It pains me to say this, but some people should not write a business book – or not yet. For some people, now is not the time, and they are best to keep their money in their pocket. How can you tell if you should write and self-publish a book, or should delay or never write a book? You might be surprised by my answers. If some or all of the qualities below sound like you, don’t write a book. You may waste your time and money, and may harm your personal brand. The qualities that make for bad books (but not bad people) follow.
Author Archives for kathwalters
With 16 years experience as an editor and senior journalist in the mainstream press, I have an established track record for creating great content -- stories, links, tweets, blogs -- quickly and efficiently across a wide range of industry sectors. I am an editor, journalist and content marketer.
Contact me to find out more: 0425 040 020
I used to have a secret desire to become a Great Australian Novelist, a desire that led me to study Professional Writing and Editing at (what is now) Deakin University. I got good marks for my first – and last – short story, but my teacher pointed out the number of times I used the word ‘it’. It, it’s, thing, anything, something and everything are imprecise words. Today, as I edit my clients’ words, I am ruthless with the word ‘thing’ and pretty tough on ‘it’. I replace ‘thing’ or ‘it’ with words that more exactly describe what the author intended. And, if I cannot guess, I send their manuscript back to ask for clarification.
If you are a business book author today, you face two big problems. The first is that you have lost the first-mover advantage. Great books -- including those that are self-published -- appear daily. Competition and quality is on the way up. The second big challenge is making writing your book fun. Professional writers have always faced that challenge. No-one sticks to a career that isn't fun. And if you are no good, your career won't stick to you. Use these three tips to beat your competition and have more fun writing.
When you decide to write a book, you face one significant barrier: no-one likes being told what to do or think. In fact, the harder someone tries to convince me of anything, the harder I resist, and the more sceptical I become. I might even fling a book onto the couch with a bit of righteous anger, exclaiming, ‘How stupid do you think I am?' That is how one-sided arguments make us feel: insulted. ‘Pollyanna-style' panacea to the injustices of the world have the same effect.
A business book has a simple and powerful value proposition: to help you sell more of your valuable mentoring, training or speaking programs. Here’s the scenario. You sell a two-day leadership training program for veterinary practices for $10,000 a program. Each year, you sell 10 programs and make $100,000 a year. You self-publish 200 copies of a book about leadership in veterinary practices. You get 50 new leads from giving away and selling your books. As a result, you get an extra 10 training gigs a year. You just made an extra $100,000 a year and doubled your income.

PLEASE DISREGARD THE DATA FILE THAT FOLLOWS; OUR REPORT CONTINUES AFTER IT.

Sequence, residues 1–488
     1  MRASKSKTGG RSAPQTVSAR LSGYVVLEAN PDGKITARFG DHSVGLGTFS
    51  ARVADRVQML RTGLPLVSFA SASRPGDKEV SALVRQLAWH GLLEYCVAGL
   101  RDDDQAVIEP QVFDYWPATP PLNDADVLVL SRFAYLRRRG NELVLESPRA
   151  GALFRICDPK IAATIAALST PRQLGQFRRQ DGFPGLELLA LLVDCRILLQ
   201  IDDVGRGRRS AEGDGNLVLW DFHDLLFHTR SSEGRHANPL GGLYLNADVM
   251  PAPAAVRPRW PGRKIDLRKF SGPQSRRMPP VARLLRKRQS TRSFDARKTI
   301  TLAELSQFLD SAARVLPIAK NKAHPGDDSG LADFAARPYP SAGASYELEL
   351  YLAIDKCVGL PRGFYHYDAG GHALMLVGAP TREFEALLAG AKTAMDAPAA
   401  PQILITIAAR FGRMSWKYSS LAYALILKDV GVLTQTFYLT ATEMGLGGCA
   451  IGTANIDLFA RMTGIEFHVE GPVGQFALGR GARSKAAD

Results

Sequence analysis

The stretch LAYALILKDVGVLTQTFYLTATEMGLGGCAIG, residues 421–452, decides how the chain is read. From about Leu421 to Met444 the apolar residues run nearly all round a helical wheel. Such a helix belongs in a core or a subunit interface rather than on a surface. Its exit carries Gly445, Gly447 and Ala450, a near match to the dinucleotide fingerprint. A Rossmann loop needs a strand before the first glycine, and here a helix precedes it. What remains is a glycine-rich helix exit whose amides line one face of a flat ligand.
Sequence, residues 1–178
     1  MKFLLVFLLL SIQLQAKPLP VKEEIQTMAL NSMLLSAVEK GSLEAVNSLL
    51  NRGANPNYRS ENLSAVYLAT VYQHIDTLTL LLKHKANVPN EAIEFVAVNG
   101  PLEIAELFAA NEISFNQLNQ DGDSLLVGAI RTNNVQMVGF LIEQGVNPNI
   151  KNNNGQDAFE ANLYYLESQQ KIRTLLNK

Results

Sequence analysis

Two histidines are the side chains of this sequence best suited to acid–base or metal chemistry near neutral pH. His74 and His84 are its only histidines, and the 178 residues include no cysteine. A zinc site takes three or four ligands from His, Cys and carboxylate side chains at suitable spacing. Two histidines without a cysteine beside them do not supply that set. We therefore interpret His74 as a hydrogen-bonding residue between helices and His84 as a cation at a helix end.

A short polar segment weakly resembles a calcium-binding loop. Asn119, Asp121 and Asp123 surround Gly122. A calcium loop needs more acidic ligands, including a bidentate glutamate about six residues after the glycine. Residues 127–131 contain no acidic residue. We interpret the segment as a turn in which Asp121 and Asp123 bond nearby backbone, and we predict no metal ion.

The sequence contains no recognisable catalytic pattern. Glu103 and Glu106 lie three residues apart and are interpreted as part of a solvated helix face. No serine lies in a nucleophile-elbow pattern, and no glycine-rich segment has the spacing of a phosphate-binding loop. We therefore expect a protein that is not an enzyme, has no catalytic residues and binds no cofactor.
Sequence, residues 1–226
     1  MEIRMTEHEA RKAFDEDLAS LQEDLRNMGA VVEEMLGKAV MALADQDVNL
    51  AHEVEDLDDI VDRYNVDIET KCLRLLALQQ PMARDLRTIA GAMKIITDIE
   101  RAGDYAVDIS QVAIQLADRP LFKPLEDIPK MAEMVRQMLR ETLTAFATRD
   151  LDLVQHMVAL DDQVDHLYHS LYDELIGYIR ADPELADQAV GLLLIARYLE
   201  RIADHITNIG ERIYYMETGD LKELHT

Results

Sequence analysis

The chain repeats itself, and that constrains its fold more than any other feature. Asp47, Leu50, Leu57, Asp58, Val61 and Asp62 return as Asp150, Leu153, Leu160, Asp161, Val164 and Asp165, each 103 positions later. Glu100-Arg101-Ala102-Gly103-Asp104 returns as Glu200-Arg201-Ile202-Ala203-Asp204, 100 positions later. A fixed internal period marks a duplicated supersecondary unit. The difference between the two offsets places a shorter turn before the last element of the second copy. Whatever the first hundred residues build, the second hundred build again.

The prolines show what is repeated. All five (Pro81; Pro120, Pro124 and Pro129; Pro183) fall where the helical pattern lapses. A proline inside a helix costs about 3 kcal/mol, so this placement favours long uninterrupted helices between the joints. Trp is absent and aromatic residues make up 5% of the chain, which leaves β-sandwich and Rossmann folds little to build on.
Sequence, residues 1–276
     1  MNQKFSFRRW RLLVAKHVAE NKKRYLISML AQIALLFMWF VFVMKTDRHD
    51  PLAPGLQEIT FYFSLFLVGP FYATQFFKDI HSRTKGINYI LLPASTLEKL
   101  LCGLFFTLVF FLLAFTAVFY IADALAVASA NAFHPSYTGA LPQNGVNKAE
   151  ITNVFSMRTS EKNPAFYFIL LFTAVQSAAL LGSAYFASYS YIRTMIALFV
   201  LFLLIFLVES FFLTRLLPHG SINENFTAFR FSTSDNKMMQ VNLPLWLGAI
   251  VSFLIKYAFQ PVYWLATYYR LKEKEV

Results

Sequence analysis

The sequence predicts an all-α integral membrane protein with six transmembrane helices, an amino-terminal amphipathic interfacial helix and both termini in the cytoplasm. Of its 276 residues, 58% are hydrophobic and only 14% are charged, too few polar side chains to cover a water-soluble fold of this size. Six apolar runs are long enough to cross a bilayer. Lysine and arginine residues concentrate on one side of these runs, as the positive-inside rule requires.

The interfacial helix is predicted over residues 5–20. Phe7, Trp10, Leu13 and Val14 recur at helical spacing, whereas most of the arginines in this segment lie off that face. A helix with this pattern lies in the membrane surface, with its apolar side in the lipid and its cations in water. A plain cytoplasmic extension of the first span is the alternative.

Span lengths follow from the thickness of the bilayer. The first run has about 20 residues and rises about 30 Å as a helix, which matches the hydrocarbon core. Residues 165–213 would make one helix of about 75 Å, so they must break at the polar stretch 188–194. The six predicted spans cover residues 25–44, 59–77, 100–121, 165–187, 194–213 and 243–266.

Public speaking is an amazing gig. For a start, you can impact hundreds if not thousands of people at a time. Competition is limited since most people would rather die than speak in front of an audience (which is remarkably silly and probably not true). It is fabulous pay – the best speakers get $10,000 for a gig, usually an hour. And, if you are good enough, you get to travel the world.
Have you ever had a friend who walked too fast or too slow? Some days, it is a little irritating. Some days, it’s infuriating. Your pace as an author can have the same effect on your readers. If your story or ideas unfold too slowly, your readers get bored. If your story moves too fast, your readers get lost. Either way, the outcome is the same: they close your book (or click away from your site). When I was in my late twenties, I died. I had a respiratory arrest and stopped breathing. And then the doctors in the emergency department of the Austin Hospital revived me, and it was back to life as usual. Except, of course, it was not. Everything had changed. Suddenly I hyper-aware of my breathing.
Every author needs Chutzpah. Isn’t Chutzpah a lovely word? It’s Yiddish, and it means audacity (for good or bad). Cheek. Insolence, even. Today, of course, is a day for women the world over to get their Chutzpah on – it’s International Women’s Day. It is the day we women stand up and back ourselves. Writing a book is all about backing yourself; it is the ultimate moment of Chutzpah. But writing and publishing a book is not enough to unleash your Chutzpah on the world. You must back yourself even more by promoting your book.
Poor design and printing can really let your book down. You have gone to all the trouble to write 25,000 to 45,000 words; now put some effort into the presentation of your ideas. I’ve been known to reject a book, even though I wanted to read it, because of poor design. Of course, I might be biased. In a former life, I was a graphic designer and a print-production manager – I’ve got baggage. There are a few classic errors that really scream ‘amateur’ when it comes to design and printing. And wibble-wobble – or the lack thereof – is one of them.
Creativity is a strange chariot. Creativity likes activity, not standing still. If I make a single observation about all the creative people I have ever known, it is that we find it hard to rest. When the chariot comes to a standstill, we start to fret.